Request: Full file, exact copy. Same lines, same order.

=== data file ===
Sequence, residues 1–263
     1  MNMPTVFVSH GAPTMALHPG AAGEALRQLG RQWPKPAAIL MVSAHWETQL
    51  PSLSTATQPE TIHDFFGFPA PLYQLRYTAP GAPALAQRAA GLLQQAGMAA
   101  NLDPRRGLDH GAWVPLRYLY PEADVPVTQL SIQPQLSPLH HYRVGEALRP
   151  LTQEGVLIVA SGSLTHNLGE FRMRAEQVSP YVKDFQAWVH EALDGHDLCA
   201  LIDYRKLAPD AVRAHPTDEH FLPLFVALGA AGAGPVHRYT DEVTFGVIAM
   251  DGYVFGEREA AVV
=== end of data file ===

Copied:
Sequence, residues 1–263
     1  MNMPTVFVSH GAPTMALHPG AAGEALRQLG RQWPKPAAIL MVSAHWETQL
    51  PSLSTATQPE TIHDFFGFPA PLYQLRYTAP GAPALAQRAA GLLQQAGMAA
   101  NLDPRRGLDH GAWVPLRYLY PEADVPVTQL SIQPQLSPLH HYRVGEALRP
   151  LTQEGVLIVA SGSLTHNLGE FRMRAEQVSP YVKDFQAWVH EALDGHDLCA
   201  LIDYRKLAPD AVRAHPTDEH FLPLFVALGA AGAGPVHRYT DEVTFGVIAM
   251  DGYVFGEREA AVV